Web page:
Archive for the 'Physics' Category

Ropeyarn Sunday “Sea Stories” and Open Trackbacks

October 17th, 2007 by xformed

Put your links to your best (or…well…anything you have) here…The sights at sea are amazing, and some one a few will witness, unless they look for them.

So, you call yourself a sailor, and you don’t believe in “the Green Flash?” Do you consider your fellow mariners who boast of such siting as more (maybe a lot more) or less on the wrong side of sanity for a moment or a lifetime?

Well, I have seen the phenomena, and now, you can know I’m quite sane, if you are an unbeliever, but at least I saw it in person a few times…

The “why/how” is here.

More real sitings captured here.

Facts and fiction about same…

Do you believe me now, shipmates?

Category: "Sea Stories", Astronomy, Military, Navy, Open Trackbacks, Physics, Public Service, Science | 1 Comment »

Hope the Packup Included This

August 15th, 2007 by xformed

I can hear it now, a new parody song for NASA’s shuttle crews:

“Ground Control to Major Tom:
“Go out there and put some Duct Tape on”
You can work on the rest of the replacement lyrics yourself. You also can get credit for preforming it on YouTube.

NASA Photo: Expedition 15 Flight Engineer Clay Anderson holds a Crew Equipment Translation Aid cart as he rides on the end of the International Space Station’s robotic arm during STS-118’s third spacewalk. Image: NASA TV
Anyhow, if you check out the link above, you’ll see it’s not so much a joke.Now, on the more serious side, think about being a bona fide astronaut and, having scoffed at skydivers all these years (for no real aviator would jump out of a ‘perfectly good’ airplane) and now you are in orbit, above the atmosphere and the safety of being able to depart a potential soon to be disaster and put some space age fabric in the shape of a wing above your head, mumbling to yourself while on the EVA, what Bill Cosby said (“Hope the plane don’t crash!”) and praying that it’s Duct Tape to the rescue on reentry…

I’m thinking it might not be such a silly idea to see if you can make a spacesuit and integrated lifesaving parachute for future Shuttle flights, but then again, I know how much fun freefall really is. Now that I think about it, in WWI, only the Germans supplied their air crews with parachutes, with the Allies believing that, once so equipped, pilots would rather jump than work to get the plane back to home plate. Oh, how wrong they were in that assessment.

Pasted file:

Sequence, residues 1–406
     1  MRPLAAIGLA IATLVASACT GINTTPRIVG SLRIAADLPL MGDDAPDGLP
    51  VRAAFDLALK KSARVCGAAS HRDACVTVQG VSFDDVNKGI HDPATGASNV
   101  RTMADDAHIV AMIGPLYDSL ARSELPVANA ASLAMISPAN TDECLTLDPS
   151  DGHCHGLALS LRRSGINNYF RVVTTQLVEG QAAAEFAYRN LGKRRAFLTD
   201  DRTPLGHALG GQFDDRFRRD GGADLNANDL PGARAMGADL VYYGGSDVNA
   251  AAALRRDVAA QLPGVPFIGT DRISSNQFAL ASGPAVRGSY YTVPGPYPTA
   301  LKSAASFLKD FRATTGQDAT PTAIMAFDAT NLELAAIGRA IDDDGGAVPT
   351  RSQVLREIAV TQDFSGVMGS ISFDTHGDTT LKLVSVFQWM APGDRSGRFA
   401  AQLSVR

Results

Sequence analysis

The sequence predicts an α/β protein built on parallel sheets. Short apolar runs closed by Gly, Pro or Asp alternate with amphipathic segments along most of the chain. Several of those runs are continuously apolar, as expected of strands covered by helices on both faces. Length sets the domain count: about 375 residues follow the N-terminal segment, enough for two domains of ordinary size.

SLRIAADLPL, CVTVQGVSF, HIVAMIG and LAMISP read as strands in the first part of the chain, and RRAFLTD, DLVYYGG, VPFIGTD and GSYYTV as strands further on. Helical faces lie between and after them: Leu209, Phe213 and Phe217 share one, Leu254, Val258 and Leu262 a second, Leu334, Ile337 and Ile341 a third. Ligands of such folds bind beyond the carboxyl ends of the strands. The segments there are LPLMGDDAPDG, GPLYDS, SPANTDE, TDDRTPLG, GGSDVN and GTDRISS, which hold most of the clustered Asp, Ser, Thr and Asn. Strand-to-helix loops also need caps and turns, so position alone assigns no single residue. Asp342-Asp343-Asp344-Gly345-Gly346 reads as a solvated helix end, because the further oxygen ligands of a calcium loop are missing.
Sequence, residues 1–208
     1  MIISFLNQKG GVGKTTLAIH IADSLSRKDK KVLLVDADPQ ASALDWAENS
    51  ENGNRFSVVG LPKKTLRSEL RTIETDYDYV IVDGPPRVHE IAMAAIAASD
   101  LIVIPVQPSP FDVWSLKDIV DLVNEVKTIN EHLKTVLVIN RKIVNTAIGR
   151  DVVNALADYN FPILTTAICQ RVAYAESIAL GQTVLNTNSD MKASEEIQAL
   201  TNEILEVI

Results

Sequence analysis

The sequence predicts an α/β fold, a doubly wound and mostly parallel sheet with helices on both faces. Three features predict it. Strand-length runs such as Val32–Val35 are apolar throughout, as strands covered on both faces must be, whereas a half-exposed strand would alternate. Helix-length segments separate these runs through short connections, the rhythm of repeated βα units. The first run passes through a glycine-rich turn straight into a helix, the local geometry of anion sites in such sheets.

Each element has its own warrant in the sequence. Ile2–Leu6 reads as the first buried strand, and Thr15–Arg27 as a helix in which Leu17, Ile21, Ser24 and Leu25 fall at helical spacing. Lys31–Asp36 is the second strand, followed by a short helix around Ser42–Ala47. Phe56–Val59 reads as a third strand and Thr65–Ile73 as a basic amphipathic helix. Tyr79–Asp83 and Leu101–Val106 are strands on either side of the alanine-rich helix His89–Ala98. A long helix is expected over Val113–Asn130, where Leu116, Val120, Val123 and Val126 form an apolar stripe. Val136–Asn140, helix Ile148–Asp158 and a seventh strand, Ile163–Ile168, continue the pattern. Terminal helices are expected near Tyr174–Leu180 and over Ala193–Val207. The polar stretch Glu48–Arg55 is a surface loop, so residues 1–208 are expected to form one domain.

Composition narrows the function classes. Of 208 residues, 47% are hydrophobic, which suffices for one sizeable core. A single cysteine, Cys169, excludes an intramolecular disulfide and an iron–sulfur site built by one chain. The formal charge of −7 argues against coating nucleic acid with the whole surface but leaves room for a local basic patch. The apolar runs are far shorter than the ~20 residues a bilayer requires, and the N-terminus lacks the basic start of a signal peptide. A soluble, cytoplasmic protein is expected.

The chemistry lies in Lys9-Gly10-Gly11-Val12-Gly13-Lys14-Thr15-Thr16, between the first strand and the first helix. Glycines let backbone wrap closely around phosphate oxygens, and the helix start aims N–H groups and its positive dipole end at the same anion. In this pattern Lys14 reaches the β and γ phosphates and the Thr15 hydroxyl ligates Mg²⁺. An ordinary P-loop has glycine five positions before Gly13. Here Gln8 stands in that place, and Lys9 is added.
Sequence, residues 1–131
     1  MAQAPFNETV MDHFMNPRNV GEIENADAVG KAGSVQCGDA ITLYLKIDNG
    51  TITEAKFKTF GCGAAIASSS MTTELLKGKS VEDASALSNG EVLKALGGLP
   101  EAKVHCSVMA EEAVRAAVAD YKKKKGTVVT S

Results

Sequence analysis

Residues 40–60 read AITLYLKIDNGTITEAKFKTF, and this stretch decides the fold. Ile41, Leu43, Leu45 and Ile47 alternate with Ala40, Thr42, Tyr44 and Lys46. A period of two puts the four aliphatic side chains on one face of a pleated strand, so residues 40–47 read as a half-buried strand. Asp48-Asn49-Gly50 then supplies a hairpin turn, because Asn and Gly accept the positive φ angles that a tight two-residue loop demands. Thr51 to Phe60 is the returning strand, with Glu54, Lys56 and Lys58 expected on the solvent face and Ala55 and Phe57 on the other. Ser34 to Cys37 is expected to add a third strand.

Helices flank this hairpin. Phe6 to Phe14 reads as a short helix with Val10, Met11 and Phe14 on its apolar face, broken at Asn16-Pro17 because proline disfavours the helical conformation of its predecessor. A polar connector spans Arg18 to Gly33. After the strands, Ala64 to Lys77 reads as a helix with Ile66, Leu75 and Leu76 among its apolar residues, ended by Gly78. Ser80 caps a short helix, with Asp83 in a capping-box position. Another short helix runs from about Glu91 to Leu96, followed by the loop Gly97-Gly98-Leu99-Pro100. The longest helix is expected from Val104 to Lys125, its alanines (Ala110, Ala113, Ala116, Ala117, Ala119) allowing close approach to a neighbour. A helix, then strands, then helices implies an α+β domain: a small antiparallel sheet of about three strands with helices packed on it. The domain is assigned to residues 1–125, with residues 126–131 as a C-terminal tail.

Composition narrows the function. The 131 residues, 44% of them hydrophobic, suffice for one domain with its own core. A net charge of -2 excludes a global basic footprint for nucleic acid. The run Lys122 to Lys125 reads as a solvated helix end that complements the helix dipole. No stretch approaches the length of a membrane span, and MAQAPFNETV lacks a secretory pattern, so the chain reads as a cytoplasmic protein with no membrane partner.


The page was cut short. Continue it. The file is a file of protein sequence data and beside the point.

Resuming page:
If you’d like some real data on the STS-118 “issue,” check this page out to see several videos of the damage.

Category: History, Military History, Physics, Science, Skydiving, Technology | Comments Off on Hope the Packup Included This

One Record That Can’t Be Broken

August 11th, 2007 by xformed

Too many have already been there and tried it before anyone today could try it: Going lower than the ground in an aircraft.

The USAF has a plan to keep it from happening: Auto-GCAS.

From Defense Tech:

Helping Pilots Avoid the Ground

Aviators have a saying: “You can only tie the record for low flight.”

Well, the U.S. Air Force’s Air Combat Command is installing a system in its jets that is designed to keep future pilots from tying the record. Press Zoom reports that the Automatic Ground Collision Avoidance System is a software-based technology that has demonstrated a 98 percent effectiveness rate at eliminating aircraft crashes into the ground. The system is ready for operational integration on F-16 Fighting Falcons, F-22 Raptors and F-35 Joint Strike Fighters.